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Published on Thursday, March 23, 2017

Police Board approves sex assault review

Oakville mayor confident Halton will lead the way after review of Halton sexual assault cases

Police Board approves sex assault review
Police Board Chair Mayor Rob Burton
Police Board Chair Burton speaking at police function
Halton Police Chair Mayor Rob Burton, at left, speaking at a police function

By Nathan Howes, Oakville Beaver
Oakville Mayor Rob Burton is optimistic a recently-launched Halton Regional Police Services (HRPS) Board review of sexual assault cases in this region will see Halton lead the way in how police in Ontario conduct such investigations.

“Rather than copying somebody else, we will build on everybody else and have a Halton solution. People will talk about the Halton model. That is our goal,” Burton said.Following media coverage of Halton and other police services’ handling of sexual assault cases, and after Halton police service’s own investigation, the local board has now initiated its own review into the matter.

A high rate (30 per cent) of ‘unfounded’ sexual assaults in Halton was recently revealed in a Globe and Mail report, which prompted an internal police audit of the handling of sexual assault cases in Halton in the year 2016.

The province then stepped in and asked all Ontario police services boards, including that in Halton, to conduct their own reviews. The direction was given in a letter from the Ministry of Community Safety and Correctional Services to the boards.

The intent is for the board and police to work with community and justice partners to ensure victims of sexual assault are provided “a timely and dignified response, the best support possible from our police service, and that the process is comprehensive, fair and respectful.”

Burton, who chairs the Halton police services board, hopes the review and eventual report will result in a “world-leading” approach on the issue, he said Thursday, March 23 at the board’s monthly meeting.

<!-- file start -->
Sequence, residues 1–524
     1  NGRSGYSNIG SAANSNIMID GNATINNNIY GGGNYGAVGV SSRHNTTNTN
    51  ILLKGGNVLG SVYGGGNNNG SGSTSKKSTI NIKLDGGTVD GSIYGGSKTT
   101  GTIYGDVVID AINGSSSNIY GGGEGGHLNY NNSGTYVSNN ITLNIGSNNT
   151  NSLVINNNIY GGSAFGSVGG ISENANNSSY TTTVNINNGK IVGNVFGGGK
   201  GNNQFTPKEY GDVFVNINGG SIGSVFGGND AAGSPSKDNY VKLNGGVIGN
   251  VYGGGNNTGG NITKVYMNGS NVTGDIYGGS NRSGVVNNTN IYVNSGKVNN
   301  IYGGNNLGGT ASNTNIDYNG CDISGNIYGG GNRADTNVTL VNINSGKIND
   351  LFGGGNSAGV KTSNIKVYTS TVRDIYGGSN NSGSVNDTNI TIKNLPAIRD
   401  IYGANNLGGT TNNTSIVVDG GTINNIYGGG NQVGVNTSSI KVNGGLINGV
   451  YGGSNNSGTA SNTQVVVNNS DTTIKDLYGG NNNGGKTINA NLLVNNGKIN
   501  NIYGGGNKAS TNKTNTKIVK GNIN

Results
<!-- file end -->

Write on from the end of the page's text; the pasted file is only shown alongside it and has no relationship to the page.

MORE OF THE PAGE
“Rather than copying somebody else, we will build on everybody else and have a Halton solution. People will talk about the Halton model. That is our goal,” said Burton.

The Halton review will be led by Julie Moscato, police services board executive director, who will consult with local community and justice partners on the inquiry, leading to a report to be before the board by the end of June.

Phase one of the two-part review is an information-gathering stage that involves research, jurisdictional scanning, phone and in-person interviews with experts in the field.

Information on current police practices, training and victim support will be gathered from the HRPS and its Victim Services and Child Abuse and Sexual Assault units.

Information will be gathered and consultations will take place with Statistics Canada, the Ontario government, Women’s Law Project in Philadelphia, P.A., and Brantford Police Service, among other service providers.

Phase two will involve a review team whose members will discuss matters relating to sexual assault investigations, with the aim of providing the best support possible to victims.

After setting terms of reference, the team will hear a Halton police presentation on current practices, training and victim support.

Comprised of Moscato and agencies on the Halton Violence Prevention Council, the team will also explore opportunities for improvements and multi-sector collaborative work.

In accordance with the police services board’s role under the Police Act, the group will review opportunities to enhance the Halton board’s policy on sexual assault investigations; maximize learning and information exchange opportunities for police officers and other Halton-based victim service providers; and connect with experts in the field.

It will also consider alternative delivery models for the handling of sexual assault investigations, and alternate classifications for sexual assault cases.

The review team will provide a report and recommendations to the Halton Regional Police Services Board for consideration.

The seven-member panel exists to provide civilian oversight of Halton police and is a provincially-mandated legal entity, which operates independently from regional or municipal council.

It is the board’s responsibility to ensure Halton residents receive adequate and effective police services in accordance with policing standards issued by the province.
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Author: Mayor Rob Burton

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